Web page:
10/1/2013 1:00:00 PM
John Isner is in his hotel room. He has flown from the United States over to the China Open in Beijing, his first tournament appearance since the U.S. Open. The 6’9” Isner—believed by many astute observers to be 6’10”— stands at No. 13 in the 2013 Race for London on the ATP World Tour. He has four tournaments left on his schedule (including Beijing) for the year, and with a spirited run could claim a place among the top eight competitors in the game at the highly valued Barclays ATP World Tour Finals in London. That would be a first for the towering American, and a considerable accomplishment for the finest of all American players in today’s world of men’s tennis.
I reach Isner by telephone from my home the night before his 5-7, 7-6 (4), 6-3 first round Beijing victory over Di Wu, and ask him how he feels about possibly qualifying for London? “It would be really special,” he replies. “It is something that is achievable but something I am not thinking about too much because prior to this summer I was not even close to being in the conversation about possibly making it to that tournament. But I had a good summer so I guess I put myself in the conversation a little bit. The key for me now is to play good tennis outside of the United States. That is what I am trying to do. This is the time of the year I have never really done that great, but we will see if I can change that trend this year.”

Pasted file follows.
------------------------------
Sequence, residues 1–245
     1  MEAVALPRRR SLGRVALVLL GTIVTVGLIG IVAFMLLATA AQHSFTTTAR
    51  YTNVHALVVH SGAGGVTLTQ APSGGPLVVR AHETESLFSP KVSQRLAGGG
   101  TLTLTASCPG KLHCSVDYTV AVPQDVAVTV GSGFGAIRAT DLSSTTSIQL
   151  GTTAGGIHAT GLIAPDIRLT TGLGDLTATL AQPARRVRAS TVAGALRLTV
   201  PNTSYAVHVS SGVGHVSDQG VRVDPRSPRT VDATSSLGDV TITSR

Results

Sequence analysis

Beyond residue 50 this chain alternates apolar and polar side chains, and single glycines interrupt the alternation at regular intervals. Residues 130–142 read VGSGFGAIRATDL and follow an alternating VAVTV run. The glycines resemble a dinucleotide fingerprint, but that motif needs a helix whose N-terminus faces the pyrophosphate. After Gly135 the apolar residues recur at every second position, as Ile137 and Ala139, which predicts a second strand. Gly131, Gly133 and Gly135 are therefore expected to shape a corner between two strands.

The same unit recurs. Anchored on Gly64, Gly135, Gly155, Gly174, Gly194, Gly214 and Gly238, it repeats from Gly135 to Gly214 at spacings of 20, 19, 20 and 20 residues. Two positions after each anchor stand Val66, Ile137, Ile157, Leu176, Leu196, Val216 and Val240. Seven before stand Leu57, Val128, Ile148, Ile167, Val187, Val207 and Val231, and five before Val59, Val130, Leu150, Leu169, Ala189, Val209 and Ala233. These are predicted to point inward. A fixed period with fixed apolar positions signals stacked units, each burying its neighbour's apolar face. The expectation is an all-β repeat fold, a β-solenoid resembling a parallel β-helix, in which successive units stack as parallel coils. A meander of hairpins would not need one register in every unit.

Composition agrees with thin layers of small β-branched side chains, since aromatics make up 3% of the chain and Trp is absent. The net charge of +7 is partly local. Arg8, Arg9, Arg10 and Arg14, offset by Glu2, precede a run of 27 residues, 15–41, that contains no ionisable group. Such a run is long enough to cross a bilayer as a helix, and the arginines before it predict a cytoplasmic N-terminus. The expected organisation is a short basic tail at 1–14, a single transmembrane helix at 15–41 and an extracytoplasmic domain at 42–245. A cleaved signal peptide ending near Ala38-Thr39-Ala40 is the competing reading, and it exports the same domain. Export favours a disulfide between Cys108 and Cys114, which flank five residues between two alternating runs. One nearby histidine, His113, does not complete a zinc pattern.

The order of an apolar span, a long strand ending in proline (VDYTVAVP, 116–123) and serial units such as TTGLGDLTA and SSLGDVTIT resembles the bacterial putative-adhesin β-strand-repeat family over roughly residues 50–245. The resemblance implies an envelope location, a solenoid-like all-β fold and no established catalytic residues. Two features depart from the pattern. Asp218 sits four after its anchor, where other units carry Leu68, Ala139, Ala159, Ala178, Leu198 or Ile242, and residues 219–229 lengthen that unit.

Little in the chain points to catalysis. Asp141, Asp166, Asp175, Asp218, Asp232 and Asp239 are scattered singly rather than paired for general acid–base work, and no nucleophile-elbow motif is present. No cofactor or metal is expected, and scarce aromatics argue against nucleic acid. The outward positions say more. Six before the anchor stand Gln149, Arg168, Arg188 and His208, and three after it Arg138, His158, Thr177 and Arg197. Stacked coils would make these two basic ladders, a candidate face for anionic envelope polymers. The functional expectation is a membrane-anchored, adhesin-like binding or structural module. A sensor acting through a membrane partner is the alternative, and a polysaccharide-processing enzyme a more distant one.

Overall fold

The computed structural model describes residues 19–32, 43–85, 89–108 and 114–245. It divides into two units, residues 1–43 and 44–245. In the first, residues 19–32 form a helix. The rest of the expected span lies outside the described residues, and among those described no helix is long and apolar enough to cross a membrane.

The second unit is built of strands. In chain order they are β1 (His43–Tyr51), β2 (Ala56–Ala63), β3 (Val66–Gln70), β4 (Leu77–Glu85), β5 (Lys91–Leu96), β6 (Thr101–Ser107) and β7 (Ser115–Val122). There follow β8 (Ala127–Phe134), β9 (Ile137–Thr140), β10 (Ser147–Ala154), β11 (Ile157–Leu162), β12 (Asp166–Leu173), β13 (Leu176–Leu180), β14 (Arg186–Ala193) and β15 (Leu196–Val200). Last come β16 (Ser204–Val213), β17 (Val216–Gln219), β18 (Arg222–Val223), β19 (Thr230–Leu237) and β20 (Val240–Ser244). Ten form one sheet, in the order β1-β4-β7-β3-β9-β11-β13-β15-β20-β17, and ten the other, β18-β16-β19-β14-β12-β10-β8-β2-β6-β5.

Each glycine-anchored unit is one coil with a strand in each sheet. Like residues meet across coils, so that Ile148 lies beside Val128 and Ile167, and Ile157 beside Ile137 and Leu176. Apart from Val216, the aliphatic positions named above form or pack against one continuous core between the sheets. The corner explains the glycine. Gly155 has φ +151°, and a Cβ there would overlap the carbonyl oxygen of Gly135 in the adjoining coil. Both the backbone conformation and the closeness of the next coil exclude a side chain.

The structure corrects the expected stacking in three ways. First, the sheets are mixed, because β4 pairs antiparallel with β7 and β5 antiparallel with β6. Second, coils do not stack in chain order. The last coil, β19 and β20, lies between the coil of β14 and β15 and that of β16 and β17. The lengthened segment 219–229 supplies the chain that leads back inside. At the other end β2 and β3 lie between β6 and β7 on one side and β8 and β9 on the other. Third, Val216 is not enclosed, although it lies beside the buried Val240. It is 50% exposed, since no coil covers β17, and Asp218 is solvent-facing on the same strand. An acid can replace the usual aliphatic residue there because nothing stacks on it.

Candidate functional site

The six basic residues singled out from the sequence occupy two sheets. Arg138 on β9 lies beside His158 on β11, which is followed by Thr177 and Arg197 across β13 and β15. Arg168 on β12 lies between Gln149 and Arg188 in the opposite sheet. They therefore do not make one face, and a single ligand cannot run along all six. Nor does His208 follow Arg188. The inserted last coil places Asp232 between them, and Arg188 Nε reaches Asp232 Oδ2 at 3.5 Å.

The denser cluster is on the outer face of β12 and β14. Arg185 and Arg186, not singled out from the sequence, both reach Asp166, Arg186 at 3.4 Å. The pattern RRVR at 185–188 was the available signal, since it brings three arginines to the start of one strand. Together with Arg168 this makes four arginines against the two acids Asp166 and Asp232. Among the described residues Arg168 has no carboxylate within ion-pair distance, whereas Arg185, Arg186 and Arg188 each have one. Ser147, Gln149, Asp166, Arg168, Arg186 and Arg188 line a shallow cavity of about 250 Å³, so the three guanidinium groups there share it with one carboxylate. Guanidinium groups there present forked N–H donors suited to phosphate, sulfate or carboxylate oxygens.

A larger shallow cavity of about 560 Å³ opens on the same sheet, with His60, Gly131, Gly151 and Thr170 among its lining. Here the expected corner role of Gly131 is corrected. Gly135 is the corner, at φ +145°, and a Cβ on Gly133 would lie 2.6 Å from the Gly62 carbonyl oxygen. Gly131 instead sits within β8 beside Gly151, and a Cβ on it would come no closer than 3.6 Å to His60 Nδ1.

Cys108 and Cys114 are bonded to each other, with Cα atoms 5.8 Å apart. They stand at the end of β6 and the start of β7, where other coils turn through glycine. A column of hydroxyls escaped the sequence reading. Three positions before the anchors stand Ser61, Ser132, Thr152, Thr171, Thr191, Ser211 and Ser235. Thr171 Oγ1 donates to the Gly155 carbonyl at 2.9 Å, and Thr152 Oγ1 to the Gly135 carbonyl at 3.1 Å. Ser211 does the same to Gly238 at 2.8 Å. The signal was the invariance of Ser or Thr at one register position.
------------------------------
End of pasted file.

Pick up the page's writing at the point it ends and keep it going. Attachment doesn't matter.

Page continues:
Asked why that would be the case when the surfaces and conditions of the autumn events would seem suited to his game, Isner asserts, “I don’t think conditions have anything to do with it. It is actually about where I am playing and it doesn’t matter what surface I am playing on. I can play very well on any surface but I typically play better in the United States. I have to take on a different mentality because I am outside of my comfort zone when I am playing outside of the U.S. I am a little bit uncomfortable and it throws me off. But that is no excuse. I have got to get better.”